Where am I going with this? I can see kids who have grown up posting anonymously on Tumblr and ephemerally on Snapchat moving on to something like when they’re ready to have a public presence on the web and take serious ownership of their writing. 

I imagine as a vehicle for civilized, thoughtful discussion. Whether it turns out to be so is yet to be seen, but my hopes remain high that Manton will indeed rescue us from the centralized, ever-burning dumpster fires that hold captive our ideas. (Long live RSS!)

Follow-up: The Nuances of Online Discussion

A few weeks ago I wrote a post about how some of my favorite people on Twitter seem to be…well, avoiding Twitter…and how that made me kinda sad. This morning I was delightfully surprised to find that Myke Hurley and Casey Liss decided to discuss my post on their podcast Analog(ue).


Boy, was it a great discussion (yes, I’m a listener, and yes, you pronounced my name right!). I think Myke may have summed up the issue best when he broke out that oft-quoted line from WarGames: “The only winning move is not to play.” I totally agree, and also find a bit of dark humor in the comparison between Twitter and Global Thermonuclear War. ;) Here exists a problem at the very intersection of technology and humanity for which there exists no decent, workable solution. Like Casey said, it’s lose-lose. As a fellow loser in this situation, let me just say that I am absolutely on their side. If the choice is between my sense of community and someone else’s overall happiness, my vote is unequivocally for the latter.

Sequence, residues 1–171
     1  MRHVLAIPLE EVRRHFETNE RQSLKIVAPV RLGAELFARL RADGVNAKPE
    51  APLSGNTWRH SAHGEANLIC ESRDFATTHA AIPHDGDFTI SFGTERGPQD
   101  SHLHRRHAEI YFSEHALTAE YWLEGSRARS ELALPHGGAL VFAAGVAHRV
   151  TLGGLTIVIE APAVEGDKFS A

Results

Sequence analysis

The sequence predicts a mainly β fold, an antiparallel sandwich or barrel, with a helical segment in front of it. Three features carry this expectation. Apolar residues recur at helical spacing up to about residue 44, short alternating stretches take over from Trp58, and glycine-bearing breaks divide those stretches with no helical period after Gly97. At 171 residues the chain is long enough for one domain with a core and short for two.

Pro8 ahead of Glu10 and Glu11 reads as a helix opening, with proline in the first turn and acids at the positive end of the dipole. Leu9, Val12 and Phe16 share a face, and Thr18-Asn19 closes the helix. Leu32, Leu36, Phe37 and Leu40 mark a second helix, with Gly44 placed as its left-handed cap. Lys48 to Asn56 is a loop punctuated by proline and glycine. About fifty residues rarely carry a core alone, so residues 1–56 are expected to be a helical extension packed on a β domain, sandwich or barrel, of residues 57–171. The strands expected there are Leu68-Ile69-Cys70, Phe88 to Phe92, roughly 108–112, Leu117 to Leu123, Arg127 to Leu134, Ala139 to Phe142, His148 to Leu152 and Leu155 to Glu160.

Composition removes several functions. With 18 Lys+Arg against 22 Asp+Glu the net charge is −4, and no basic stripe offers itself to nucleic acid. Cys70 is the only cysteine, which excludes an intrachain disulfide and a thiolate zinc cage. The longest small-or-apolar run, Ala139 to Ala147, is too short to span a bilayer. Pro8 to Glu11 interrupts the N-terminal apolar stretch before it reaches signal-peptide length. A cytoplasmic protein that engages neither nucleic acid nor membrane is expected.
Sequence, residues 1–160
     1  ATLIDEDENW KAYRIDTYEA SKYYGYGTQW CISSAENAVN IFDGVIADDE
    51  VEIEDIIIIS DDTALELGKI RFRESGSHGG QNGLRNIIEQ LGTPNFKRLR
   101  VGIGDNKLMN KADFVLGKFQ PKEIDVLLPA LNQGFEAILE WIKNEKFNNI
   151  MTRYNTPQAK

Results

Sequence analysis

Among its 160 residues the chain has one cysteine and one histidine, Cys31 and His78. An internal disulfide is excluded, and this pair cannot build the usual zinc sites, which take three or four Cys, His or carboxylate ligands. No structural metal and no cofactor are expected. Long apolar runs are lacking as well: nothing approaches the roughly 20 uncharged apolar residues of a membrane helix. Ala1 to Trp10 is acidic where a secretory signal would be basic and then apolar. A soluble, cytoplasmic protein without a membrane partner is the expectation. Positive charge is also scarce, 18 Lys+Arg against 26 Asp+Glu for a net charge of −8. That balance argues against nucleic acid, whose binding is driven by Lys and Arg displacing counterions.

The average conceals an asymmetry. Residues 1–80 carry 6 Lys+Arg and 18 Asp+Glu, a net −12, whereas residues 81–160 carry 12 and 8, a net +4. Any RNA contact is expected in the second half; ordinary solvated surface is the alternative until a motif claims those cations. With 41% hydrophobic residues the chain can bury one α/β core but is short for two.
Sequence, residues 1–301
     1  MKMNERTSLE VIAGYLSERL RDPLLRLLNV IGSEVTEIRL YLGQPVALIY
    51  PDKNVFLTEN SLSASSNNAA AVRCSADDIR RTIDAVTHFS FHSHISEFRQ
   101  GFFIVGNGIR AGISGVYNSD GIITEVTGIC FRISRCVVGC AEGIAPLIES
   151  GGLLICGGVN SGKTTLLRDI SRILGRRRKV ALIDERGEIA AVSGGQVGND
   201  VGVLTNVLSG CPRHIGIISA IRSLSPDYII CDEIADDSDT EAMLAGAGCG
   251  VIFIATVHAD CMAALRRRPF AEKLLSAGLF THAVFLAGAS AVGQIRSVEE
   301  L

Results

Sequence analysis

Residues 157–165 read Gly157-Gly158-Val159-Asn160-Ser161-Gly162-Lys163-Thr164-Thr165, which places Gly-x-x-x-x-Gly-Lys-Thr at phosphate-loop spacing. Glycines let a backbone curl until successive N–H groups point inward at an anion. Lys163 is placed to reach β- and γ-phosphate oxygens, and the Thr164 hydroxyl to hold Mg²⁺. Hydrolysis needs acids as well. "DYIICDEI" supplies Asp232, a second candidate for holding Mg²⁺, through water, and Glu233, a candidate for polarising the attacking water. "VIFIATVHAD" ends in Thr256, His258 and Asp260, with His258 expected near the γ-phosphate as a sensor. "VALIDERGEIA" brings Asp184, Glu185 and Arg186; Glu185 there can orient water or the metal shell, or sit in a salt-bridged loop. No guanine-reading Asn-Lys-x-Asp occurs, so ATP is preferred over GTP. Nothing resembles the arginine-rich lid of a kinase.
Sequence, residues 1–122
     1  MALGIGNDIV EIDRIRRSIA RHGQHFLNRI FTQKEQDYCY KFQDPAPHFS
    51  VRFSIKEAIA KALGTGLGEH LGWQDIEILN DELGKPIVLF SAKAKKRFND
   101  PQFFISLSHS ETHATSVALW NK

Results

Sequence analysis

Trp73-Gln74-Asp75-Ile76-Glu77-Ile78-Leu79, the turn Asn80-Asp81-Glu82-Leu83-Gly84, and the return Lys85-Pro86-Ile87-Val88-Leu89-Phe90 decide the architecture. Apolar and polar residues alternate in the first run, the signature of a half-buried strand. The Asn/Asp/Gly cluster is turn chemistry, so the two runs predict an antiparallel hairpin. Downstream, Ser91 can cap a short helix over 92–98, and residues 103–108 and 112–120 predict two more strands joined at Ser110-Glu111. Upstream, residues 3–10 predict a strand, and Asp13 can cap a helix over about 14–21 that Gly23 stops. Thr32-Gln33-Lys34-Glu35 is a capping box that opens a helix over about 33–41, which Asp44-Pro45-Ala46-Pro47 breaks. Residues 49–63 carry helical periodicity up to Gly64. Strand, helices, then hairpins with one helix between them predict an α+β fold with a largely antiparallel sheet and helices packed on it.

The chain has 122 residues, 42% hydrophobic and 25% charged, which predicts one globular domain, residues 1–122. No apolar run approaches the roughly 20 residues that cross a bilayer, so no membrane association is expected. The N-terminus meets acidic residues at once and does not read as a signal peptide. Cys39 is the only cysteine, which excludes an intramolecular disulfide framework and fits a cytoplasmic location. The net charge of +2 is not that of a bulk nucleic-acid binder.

Ironically, as I listened to their conversation, I got a strange taste of what Myke and Casey’s lives must be like. For instance, I’ve never heard my own name said out loud so many times. It instantly reminded me of how shy I am, and how while in theory I would love to be a part of the “cool kids club,” I’m not even sure I could handle it. Could I even be myself? Myke and Casey said a lot of really nice things about my post (which of course made me feel good), but what if instead they had torn it apart? I would have felt horrible…and yet, that’s the kind of thing they have to deal with all the time.